In some cases where freshwater mussel populations have already been lost — like on the Patapsco — researchers must go to greater lengths to try and restore them.
After three dams, including Bloede, were removed on the Patapsco, and a fourth added passage for American eels, eel numbers began increasing. Since the snakelike fish are the preferred host for eastern elliptio, researchers started an assisted migration process.
Eastern elliptio were taken from a reproducing population and relocated into areas of the Patapsco where they were likely to encounter eels. “We moved adults and essentially founded a new population in the hopes that we can jumpstart the natural process,” says Ashton.
The first group of mussels was moved in 2018, and a couple of hundred have been translocated every year since. Researchers track the mussels with tiny microchips affixed to their shells and most are staying in place and surviving, which is the first goal of the project.
Next is to have those mussels reproduce and expand the population, he says, which will still take several more years.
Conservationists encountered a different situation on the Susquehanna River.
In Pennsylvania, eastern elliptio still existed in good habitat, but four downstream dams blocked migratory fish, so they hadn’t reproduced in a long time.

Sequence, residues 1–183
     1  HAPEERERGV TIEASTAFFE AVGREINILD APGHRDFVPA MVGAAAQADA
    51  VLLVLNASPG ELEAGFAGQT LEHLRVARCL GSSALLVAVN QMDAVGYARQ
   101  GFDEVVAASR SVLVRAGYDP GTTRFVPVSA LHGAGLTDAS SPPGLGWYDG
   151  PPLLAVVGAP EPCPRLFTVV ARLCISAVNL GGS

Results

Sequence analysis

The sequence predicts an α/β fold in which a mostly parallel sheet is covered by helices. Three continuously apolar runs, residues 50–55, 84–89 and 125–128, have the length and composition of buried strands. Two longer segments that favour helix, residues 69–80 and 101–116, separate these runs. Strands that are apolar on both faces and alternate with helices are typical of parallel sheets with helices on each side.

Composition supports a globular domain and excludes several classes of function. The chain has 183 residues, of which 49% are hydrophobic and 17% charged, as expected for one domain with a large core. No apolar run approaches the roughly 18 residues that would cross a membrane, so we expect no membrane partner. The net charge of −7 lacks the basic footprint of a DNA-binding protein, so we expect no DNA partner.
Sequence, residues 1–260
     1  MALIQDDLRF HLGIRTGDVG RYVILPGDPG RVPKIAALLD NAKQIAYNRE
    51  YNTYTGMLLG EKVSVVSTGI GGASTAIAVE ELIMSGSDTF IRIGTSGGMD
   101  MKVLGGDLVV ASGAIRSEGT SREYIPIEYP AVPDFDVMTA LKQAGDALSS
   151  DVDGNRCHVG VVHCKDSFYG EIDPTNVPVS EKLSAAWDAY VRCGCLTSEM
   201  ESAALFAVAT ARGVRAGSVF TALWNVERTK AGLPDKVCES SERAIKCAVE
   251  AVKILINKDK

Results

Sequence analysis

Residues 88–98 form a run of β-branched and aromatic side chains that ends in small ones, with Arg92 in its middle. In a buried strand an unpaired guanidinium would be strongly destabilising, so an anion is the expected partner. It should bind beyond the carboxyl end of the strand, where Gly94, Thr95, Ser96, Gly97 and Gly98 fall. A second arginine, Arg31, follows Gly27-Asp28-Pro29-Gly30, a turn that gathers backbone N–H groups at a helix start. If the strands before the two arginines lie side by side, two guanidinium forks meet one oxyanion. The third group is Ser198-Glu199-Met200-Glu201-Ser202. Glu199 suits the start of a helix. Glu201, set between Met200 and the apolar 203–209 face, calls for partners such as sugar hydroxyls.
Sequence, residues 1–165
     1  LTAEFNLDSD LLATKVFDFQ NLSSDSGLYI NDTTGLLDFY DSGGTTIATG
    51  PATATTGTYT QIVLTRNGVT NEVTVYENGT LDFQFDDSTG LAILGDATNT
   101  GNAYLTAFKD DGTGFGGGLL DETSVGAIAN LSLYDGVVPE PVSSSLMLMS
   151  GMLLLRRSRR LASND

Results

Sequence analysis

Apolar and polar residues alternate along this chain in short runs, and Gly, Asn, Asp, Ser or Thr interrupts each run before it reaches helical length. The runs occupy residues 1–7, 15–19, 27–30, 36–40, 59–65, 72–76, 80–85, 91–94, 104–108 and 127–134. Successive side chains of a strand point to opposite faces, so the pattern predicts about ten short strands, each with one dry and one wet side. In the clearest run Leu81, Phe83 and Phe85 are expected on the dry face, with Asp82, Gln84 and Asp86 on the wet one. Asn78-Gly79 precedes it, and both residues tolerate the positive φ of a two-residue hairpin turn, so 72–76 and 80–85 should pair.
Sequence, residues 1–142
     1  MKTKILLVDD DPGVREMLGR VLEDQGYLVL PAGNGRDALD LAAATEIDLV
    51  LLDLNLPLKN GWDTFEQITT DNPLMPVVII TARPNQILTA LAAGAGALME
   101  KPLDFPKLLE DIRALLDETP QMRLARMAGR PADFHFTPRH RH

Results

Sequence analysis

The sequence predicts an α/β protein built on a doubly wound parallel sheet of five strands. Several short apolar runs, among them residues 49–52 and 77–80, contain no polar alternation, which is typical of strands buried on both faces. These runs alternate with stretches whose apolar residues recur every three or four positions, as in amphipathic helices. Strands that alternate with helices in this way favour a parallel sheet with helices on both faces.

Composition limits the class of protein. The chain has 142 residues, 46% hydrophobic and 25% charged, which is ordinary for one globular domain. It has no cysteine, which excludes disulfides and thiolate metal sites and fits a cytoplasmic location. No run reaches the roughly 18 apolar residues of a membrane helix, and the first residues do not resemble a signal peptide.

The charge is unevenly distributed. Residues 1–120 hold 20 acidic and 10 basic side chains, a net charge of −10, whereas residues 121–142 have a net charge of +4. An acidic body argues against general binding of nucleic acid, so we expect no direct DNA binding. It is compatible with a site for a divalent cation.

To help them, scientists relocated 120,000 American eels to two tributaries upstream of the dams. And it did the trick: Over a few years they saw an increase in the number of juveniles.
“In biological terms, it’s almost as close to flipping a light switch as you can have,” says Ashton.
As part of a settlement over the relicensing of the first dam on the river, which is in Maryland, the hydroelectric company Exelon is now required to move American eels by truck around the four dams, which researchers are hopeful will continue to aid freshwater mussel recovery upstream.
A Bigger Need
Ashton calls the fact that we’re beginning to understand river ecology more holistically, and beginning to manage fish and mussels together, “a big win.” But when it comes to protecting mussels, there’s still a long way to go.
There are ongoing water-pollution problems from farms, industry and water-treatment systems; in the West ongoing drought is being exacerbated by climate change, and competition for water resources among users is draining streams, further imperiling mussels.
“We also still don’t understand how certain chemicals and pharmaceuticals affect mussels,” says Ashton.
But many dam removals and river restoration projects can have big benefits for mussels — and the whole ecosystem. And Fleece, who has been involved in 19 dam removal projects so far, thinks removals are one of the restoration techniques that has the greatest benefit for the expenditure of resources.
“We can affect miles and miles and miles of habitat as part of these removals,” he says. “And sometimes for organisms that we don’t even think about, or that we’re not even aware of, it’s one of those circumstances where the ecological benefits and the societal benefits align to pull in the same direction.”
Previously in The Revelator: